Simone Subal Gallery is pleased to present Thomas Lerooy’s solo exhibition For your eyes only opening on Thursday, February 16th. This is Lerooy’s first solo presentation with the gallery.
Thomas Lerooy, well-known for his decades-long sculptural practice, presents new works stemming from his relatively recent foray into painting. This series of distorted portraits shares continuity with his surrealist, sculptural poetics, yet offers a level of plasticity that is more readily accessible through his painting practice. By melding traditional art historical styles of portraiture with contemporary and personal concepts of advertising, voyeurism, and play, Lerooy’s imagery bears an unusually poignant and playful sentiment rendered in a style uniquely his own. He pulls visual snippets from both traditionally “high” and “low” cultural spheres, ranging from Courbet and Renoir, to the drapery of fabrics pulled tight across the bodies of reality TV stars in fashion magazines. The resulting works often feel imbued with a sense of familiarity, but are ultimately unplaceable.
Evocative of guests attending a surrealist masquerade ball, several of Lerooy’s coquettish subjects coyly engage a viewer behind masks of waxy anthurium petals, chalky seashells, and brightly colored feathers. Lerooy never permits a full face to be visible, often employing humorous and absurd motifs to partially conceal his subjects. In Eye Love You, 2023, a Rococo-like beauty is simultaneously obscured and revealed by a trail of milky snail slime, while in Bubble gum, 2023 a woman’s face is seen through a translucent yellow balloon filled with writhing snakes. Nodding loosely towards the interpretive logic of allegories and fables, Lerooy uses these motifs to create a calculated distance between subject and viewer, and in doing so often calls attention to the surface of the painting itself.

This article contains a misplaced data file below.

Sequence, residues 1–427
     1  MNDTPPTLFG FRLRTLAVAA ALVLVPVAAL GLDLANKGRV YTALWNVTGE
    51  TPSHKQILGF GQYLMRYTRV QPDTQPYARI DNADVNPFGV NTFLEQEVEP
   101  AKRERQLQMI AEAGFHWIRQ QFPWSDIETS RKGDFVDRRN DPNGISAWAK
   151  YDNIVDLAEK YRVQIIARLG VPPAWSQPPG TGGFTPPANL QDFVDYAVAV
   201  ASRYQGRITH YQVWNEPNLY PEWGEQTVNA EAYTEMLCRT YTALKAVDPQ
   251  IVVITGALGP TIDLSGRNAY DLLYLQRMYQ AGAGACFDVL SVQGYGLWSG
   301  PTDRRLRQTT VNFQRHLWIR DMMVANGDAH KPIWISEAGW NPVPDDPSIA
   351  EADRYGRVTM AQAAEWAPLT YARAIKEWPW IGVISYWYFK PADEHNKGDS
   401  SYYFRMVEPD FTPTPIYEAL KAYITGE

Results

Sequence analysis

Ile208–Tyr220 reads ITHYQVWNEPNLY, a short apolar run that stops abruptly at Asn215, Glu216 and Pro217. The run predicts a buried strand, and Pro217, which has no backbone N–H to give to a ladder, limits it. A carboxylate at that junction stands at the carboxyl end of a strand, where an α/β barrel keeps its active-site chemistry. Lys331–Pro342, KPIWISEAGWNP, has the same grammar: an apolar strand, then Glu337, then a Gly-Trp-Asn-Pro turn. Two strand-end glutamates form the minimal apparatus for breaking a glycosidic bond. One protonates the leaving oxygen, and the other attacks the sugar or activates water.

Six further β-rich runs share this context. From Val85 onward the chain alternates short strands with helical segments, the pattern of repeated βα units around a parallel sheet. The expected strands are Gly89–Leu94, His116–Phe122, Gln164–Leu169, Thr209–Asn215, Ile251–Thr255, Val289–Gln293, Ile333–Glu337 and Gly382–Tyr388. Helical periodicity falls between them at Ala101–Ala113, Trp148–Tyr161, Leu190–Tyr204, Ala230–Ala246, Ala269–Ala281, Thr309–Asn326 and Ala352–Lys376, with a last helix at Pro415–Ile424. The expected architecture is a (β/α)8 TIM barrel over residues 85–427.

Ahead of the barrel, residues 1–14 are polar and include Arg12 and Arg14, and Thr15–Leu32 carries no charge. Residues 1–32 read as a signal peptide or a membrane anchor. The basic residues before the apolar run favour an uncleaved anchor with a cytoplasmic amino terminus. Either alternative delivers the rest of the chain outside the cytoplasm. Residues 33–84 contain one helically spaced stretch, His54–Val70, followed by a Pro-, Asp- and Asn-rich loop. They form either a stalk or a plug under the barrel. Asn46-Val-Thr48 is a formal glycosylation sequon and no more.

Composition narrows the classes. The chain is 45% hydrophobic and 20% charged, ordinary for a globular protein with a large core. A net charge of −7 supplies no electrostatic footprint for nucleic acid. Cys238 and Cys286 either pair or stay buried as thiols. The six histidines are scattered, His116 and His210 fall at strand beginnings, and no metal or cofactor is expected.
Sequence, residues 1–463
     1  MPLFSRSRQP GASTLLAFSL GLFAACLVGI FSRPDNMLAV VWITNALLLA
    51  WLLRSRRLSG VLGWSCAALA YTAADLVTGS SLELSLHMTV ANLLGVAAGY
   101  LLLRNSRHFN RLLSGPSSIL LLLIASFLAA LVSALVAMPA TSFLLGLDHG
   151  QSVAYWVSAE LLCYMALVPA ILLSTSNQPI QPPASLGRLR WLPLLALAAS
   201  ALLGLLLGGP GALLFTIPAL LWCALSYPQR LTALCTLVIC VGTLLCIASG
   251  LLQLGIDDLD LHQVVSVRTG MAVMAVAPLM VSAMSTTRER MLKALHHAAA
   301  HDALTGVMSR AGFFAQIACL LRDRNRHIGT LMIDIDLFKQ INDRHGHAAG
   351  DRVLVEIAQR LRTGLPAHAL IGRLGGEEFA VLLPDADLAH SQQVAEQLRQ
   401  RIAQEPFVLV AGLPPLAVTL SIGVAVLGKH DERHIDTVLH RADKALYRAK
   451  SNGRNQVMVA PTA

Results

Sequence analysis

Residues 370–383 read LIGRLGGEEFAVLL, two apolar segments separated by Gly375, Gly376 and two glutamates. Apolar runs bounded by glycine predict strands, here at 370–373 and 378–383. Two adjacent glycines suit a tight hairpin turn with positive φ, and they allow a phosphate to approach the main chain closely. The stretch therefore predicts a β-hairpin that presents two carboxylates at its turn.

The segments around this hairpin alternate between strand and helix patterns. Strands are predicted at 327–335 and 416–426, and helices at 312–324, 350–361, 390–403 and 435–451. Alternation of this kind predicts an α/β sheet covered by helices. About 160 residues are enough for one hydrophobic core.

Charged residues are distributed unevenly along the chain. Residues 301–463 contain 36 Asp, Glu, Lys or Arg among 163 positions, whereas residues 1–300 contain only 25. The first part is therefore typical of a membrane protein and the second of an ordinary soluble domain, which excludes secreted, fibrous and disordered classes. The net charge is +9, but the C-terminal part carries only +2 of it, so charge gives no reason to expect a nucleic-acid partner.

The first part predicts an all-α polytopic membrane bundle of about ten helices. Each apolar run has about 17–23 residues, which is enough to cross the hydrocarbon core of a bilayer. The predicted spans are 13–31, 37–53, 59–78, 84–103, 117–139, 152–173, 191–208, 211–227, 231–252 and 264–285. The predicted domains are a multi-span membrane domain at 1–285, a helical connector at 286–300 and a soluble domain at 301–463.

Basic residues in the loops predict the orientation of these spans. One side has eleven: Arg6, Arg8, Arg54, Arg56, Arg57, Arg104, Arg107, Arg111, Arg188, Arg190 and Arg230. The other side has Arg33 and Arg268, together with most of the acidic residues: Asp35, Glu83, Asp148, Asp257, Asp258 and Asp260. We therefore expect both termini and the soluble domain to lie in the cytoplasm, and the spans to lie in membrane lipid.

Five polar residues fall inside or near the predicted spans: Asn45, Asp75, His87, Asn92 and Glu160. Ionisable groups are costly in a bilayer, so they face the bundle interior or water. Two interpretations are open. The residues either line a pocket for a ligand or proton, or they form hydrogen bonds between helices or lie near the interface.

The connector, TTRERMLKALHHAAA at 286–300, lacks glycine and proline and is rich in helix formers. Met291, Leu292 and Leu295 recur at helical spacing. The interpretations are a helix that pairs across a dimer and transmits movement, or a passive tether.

A permeable barrier can be felt between the viewer’s world and the world within Lerooy’s subject matter – akin to glimpsing another through a pane of glass or in the reflection of a cloudy mirror. This separation refuses a viewer’s ability to escape completely into the imagery; the fourth wall is broken and the act of voyeurism is emphasized. While partial information and a feeling of connection with Lerooy’s subjects can be garnered, the “truth” of a figure’s total subjectivity remains murky. This intentional obscurity points to there being something inaccessible about each subject; something inherently unknowable behind the eyes of any person that one may encounter in life, whether a stranger, a close friend, or a lover. Rather, this unfulfilled desire for connection comprises Lerooy’s love language. His use of flora and fauna equally points to this distance between subject and viewer – humans have the ability to relate to other living creatures on some level, but complete, mutual understanding is beyond the scope of possibility.